Get a feel for this from blog posts and other social content. And if you can’t find anything - that’s an opportunity for you to differentiate already…

  • Quality of support

    Check what SLAs are claimed and check responsiveness by making use of any free trials and submitting dummy requests. Check reviews to get an idea of general system health.

Then, importantly, check their tech stack. There are numerous ways of doing this but the easiest way is to install Wappalyzer and run this on the platform, making use of any free trials.

This is important as a modern tech stack can dramatically improve the speed of execution.

This can be highly industry-dependent and isn’t a hard and fast list, but in most cases, here are things to keep an eye out for:


✅ React, Vue, Svelte, Next

✅ Node, .NET


❌ JQuery

❌ PHP, Ruby

Combine this with a gut feeling for how ‘dynamic’ the business comes across - the more so, the more likely they run a tight ship from a technological standpoint.

Once you start collating and comparing all this data, it quickly becomes clear what ‘high-quality’ is for your specific problem.

If you’ve successfully compared your competitors and can start to see areas where you might be able to differentiate, then give yourself your last tick!

Congrats! You’ve just validated your first set of ideas. Hopefully, at least one or two look promising and can be taken forward. This is something you should continue to revisit throughout your building journey.

Now onto one of the most well-understood ways of validating a product idea and getting early feedback - landing pages.

Start with a landing page (Subscribers only! 🧠)

Whilst there are tonnes of debates around validating ideas, most agree on one thing: landing pages work.

A landing page is just a one-page website where potential customers can learn about your solution to their problems. There are two main ways this can help you:

  • Collecting email addresses

  • Instant analytics

Collecting email addresses

Any email addresses you collect can be converted into beta users further down the road. These emails are super hot, as they’re real users that have the problem you're trying to solve, and are willing to engage when you don’t even have a product yet!

If you really understand your market and have engaged with some customers already, you’d have somewhat of an email list straight away. Try to build this up to at least 30 or so emails from subreddits, Quora and Linkedin. (Here’s a great tool for finding targeted communities on Reddit).

Draft personal welcome emails to send out to those that sign up. But going back to validation step 1 - make sure to include the following questions:

  • What happens when [problem X] occurs in your business? (indirect)

  • How often do you have [problem X]? (direct)

  • How do you currently work around this? (indirect)

  • What would you pay for a solution that could take away some of the pain? (direct)

  • What would an ideal solution look like for you? (indirect)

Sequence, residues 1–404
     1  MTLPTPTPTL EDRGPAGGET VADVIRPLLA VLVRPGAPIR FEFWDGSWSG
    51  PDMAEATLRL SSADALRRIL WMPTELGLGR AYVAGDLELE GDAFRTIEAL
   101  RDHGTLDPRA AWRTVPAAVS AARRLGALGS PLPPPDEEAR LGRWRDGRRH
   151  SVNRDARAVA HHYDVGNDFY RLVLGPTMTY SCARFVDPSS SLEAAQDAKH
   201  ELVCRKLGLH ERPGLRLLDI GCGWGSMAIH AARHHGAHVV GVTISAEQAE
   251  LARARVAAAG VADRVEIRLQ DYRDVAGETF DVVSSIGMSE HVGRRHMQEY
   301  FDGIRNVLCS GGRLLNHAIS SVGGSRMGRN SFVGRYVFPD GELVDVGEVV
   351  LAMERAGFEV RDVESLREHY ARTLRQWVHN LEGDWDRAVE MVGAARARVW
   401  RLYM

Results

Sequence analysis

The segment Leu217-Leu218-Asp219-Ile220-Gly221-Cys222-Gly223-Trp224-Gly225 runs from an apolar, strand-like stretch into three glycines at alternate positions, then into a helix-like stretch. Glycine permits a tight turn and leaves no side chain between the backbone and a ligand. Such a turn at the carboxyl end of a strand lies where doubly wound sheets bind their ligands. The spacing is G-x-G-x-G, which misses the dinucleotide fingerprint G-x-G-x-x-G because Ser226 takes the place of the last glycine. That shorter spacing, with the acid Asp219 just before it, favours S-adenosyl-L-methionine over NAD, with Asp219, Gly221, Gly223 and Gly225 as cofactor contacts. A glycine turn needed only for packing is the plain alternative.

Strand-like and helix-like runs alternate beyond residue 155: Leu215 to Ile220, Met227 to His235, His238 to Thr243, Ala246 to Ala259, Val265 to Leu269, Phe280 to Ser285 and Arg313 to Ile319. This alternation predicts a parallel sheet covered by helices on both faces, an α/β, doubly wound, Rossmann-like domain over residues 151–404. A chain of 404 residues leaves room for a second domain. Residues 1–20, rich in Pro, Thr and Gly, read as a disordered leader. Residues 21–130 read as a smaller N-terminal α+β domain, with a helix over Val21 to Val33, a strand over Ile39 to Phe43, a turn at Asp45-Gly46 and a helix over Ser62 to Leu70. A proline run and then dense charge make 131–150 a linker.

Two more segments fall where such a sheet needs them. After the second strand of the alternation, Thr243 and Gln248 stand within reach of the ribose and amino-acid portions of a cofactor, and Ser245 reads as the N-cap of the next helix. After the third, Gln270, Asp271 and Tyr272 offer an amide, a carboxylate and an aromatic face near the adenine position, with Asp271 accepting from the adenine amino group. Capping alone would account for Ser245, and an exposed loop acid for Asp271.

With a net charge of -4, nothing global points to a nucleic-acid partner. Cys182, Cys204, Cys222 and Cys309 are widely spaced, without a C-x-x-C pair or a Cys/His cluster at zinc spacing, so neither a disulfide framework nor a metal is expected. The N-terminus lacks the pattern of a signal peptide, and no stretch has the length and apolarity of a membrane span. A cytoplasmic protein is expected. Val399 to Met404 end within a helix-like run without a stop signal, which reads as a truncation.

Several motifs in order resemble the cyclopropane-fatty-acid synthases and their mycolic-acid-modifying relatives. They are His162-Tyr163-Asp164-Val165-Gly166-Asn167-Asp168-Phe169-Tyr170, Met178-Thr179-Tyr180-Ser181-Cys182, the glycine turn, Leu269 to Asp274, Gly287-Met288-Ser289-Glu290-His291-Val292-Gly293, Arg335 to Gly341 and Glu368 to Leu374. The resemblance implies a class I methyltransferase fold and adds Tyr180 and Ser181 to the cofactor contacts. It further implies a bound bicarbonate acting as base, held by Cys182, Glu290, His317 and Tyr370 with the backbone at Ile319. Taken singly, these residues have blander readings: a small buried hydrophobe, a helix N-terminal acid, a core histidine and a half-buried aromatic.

For those that reply, try to schedule a call with them to discuss their responses. Physically talking to users and building a report is almost guaranteed to get you a signup when you launch.


Landing pages are just like any other website so they should be set up to collect everything possible about visitors.

Install Google Analytics and if possible install something like HotJar which lets you directly track how users interact with your page.

It’s awesome to watch which features users spend the most time scrolling around on and can help you decide what to build first!

Getting started

Focus on speed so use a website builder like Framer (great ‘tech-inspired’ look and feel) and start from a template. Make sure your landing page includes the following details:

  • Clear value proposition statement and call to action (to submit their email)

  • At least 3 ‘key feature’ sections with designs to help your potential customers visualise your solution

If you are comfortable with design concepts then you could try a tool like Figma, otherwise stick to something more simple like MockFlow to create wireframes of your features.

There are heaps of examples to look at here which would be replicable using the above tools.


That’s it for this week!

There are loads more value to pull out here in terms of validation, but hopefully, this gives you a starting point to know when (and when not…) to take an idea forwards.

In part 3 of Building 101, we’re going to be doing a deep dive into MVPs and why getting it wrong and building too much can cost you months in getting to market.

Start building that landing page! ✌️

P.S. If you want to get more discussions like this in your inbox every week then make sure you sign up for the email newsletter here!

Learn to build software products | IdeaHub

Community products! 👥


This week we’re taking a look at Famewall.io, a platform for collecting and displaying social proof on your website.

Trusted by over 1200 entrepreneurs and creators, the platform allows you to easily manage testimonials from multiple sources like LinkedIn, Twitter, and Reddit and embed them into your website in one platform.

It even integrates with app stores which I think is really neat!

The platform also makes it easy for those who don’t yet have testimonials to start automating that process and get off the ground. This is achieved through personalised feedback collection pages and shareable links.

What’s also great is that your customers can submit text-based feedback, but also video reviews which are awesome at converting visitors.

All these great features are included in the free plan from day one, which is great for those of us just starting out with our projects and juggling various associated costs.

Congrats to gouthamjay8 on a great product!

Learn to build software products | IdeaHub

P.S. Check out the official IdeaHub Reddit community where you can share ideas with other builders.

Subscribe to keep reading

Curated discussions for aspiring tech builders directly to your inbox.

Already a subscriber?Sign In.Not now

Join the conversation

or to participate.